With the passing of Christopher Hitchens in December, and the loss of such icons as Ray Bradbury, Maeve Binchy, and Gore Vidal in the months since, the last year has been one suffused with death for the literary world. It is perhaps timely, then, that – in addition to Hitchens’ posthumous memoir – this fall sees the publication of two books that examine the subject of death from very different perspectives, and with very different results.
Richard Beliveau and Denis Gingras make their intentions plain in the subtitle of Death: The Scientific Facts to Help Us Understand It Better. The large-format, illustrated book is a primer on the physical nature of death, offering a clinical, scientific overview of the topic, an approach befitting the authors’ backgrounds: Beliveau is a professor of biochemistry and a cancer researcher, and Gingras is an oncology researcher at the Université du Québec.
With mind-sapping precision, the writers explore the mechanics of death, breaking down its manifold causes into four categories – trauma, infections, diseases, and poisons – all of which lead to the single, crucial moment of expiration: brain death. “Death is not wholly physical,” they write. “It is above all the death of a person, of a human being endowed with mental faculties unequaled in the entire living world, which enable him to reflect and interact with his fellow human beings and express his emotions.” Thus, “even though the heart, lungs and organs as a whole are essential to life, it is brain death that marks the frontier between life and death.”
Perhaps owing to the authors’ training, Death is written in an information-packed, unflinching academic style that scrupulously explores death from the cellular level outward. It’s excessively informative, but it reads more like an introductory-level textbook for undergraduates than a trade book. (When concessions are occasionally made to general readers, they feel clunky and out of place.) The heavy – though effective – use of charts, tables, and illustrations further adds to this textbook feel. While Death does what it sets out to do, its clinical nature fails to impart an empathic, human exploration of its subject: it explains what death is, but fails to explore what death means.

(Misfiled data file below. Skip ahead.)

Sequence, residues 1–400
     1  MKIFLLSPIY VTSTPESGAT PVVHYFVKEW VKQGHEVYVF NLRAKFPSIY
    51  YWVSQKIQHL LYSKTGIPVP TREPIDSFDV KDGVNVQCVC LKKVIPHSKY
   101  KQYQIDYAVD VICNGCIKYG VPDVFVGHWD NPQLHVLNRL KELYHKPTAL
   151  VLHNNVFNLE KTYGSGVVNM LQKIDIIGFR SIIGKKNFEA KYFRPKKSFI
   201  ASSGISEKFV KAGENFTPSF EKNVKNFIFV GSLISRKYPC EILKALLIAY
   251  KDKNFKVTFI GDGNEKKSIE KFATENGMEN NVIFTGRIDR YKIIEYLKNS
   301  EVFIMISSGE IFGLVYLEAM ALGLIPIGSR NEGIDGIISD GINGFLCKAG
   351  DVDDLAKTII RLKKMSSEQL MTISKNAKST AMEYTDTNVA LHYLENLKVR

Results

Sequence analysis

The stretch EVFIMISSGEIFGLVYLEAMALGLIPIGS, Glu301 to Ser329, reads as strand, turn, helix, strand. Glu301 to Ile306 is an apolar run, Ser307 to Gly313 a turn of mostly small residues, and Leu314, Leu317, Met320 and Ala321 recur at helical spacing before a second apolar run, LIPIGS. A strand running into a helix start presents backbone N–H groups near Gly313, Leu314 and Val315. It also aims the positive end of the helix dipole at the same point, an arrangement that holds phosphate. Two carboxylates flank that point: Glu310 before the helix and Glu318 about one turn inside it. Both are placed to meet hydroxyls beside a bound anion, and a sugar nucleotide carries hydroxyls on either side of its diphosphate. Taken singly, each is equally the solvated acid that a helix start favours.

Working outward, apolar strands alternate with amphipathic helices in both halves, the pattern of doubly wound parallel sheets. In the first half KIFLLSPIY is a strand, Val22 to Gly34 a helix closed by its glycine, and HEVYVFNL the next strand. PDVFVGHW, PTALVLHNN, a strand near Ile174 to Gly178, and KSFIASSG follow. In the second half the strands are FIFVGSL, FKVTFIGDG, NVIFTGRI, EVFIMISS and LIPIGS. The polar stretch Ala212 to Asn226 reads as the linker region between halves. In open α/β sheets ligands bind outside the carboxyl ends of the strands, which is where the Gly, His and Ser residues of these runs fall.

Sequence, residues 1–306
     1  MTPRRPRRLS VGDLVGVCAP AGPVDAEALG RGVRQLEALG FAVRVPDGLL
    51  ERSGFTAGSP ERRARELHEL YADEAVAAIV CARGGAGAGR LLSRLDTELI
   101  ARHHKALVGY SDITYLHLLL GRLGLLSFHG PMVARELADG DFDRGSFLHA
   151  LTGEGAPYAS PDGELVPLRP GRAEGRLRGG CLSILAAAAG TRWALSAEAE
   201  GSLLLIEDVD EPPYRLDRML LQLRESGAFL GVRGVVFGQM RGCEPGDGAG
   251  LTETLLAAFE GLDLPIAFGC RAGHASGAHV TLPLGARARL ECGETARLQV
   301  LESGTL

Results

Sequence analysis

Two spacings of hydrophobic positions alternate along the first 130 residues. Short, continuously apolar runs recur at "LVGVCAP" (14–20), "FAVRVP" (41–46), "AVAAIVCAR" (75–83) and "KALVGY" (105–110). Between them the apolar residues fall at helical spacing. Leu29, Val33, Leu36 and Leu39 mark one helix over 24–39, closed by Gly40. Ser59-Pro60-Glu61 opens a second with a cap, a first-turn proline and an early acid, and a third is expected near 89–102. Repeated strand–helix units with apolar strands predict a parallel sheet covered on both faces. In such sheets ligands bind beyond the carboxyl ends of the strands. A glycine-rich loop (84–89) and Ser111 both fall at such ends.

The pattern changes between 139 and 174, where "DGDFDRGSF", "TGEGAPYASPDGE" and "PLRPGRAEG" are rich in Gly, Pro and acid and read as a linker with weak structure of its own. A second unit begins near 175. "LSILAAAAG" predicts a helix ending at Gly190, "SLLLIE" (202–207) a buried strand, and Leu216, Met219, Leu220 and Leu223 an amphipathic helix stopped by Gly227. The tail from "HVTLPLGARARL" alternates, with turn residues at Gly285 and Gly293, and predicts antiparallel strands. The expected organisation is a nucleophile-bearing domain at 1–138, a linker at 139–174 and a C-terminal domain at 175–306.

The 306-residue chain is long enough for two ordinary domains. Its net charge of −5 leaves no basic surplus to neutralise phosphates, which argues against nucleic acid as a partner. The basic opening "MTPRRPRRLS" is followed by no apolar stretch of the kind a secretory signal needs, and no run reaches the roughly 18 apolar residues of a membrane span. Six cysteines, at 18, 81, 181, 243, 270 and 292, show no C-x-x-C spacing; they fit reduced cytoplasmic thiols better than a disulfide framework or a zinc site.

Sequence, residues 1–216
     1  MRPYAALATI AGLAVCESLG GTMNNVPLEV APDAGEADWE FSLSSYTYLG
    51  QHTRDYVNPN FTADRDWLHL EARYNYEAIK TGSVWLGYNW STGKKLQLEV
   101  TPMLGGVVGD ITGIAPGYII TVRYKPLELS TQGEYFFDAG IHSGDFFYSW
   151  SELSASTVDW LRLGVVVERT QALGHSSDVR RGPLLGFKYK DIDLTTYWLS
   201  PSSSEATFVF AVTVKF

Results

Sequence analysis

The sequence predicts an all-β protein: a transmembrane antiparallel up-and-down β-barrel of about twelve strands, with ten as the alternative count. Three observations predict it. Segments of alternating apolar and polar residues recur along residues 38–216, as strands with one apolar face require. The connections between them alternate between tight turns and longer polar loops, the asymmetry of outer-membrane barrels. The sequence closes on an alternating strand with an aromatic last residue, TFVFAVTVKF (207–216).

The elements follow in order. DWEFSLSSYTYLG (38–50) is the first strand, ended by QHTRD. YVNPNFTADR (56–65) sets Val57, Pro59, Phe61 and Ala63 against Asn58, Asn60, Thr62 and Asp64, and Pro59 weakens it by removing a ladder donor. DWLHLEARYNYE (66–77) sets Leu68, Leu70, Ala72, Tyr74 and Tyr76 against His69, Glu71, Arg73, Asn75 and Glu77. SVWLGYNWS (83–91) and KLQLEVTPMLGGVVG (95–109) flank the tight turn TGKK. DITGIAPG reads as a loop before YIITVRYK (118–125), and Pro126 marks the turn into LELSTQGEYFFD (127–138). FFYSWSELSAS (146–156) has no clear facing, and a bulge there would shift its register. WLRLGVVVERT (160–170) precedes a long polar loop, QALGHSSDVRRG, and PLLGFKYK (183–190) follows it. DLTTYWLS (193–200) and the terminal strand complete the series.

Sandra Martin delivers on that meaning. In Working the Dead Beat: 50 Lives that Changed Canada, Martin, chief obituary writer for The Globe and Mail, collects and expands 50 of her columns from the first decade of the 20th century, carefully selected to focus on individuals who influenced Canadian society, from head-tax survivor Ralph Lung Kee Lee to former Prime Minister Pierre Elliott Trudeau, from activist Jane Jacobs to businessmen Ted Rogers and Ed Mirvish. It’s a dizzying, dazzling, ultimately affirming collection.
Throughout the book, Martin describes her working life – the process of preparing an obituary (her account of interviewing actor William Hutt less than a week before his passing is beautiful and haunting), and the shift in approach that has taken place with the immediacy of online news. She also dispels five myths about the so-called “dead beat,” including the idea that the job is a journalistic dead end, and the notion that obituaries are inherently depressing.
Martin clearly loves her work, and it shows in her 50 appreciations, which she refers to as “lives.” Readers will, naturally, be drawn to subjects of personal interest (I’ll admit to flipping ahead to read about Irving Layton and Mordecai Richler), but it is a testimony to Martin’s skill and care, not to mention her deep respect, that every one of these pieces resonates. While I might have no interest whatsoever in hockey, the portrait of Maurice “Rocket” Richard is both stirring and heartbreaking.
Yes, the 50 individuals chronicled here were public figures, and in some cases household names, but Martin doesn’t focus on that; instead, she focuses on the individual, regardless of impact or influence. In so doing, she finds the human meaning in death that Beliveau and Gingras are only able to hint at.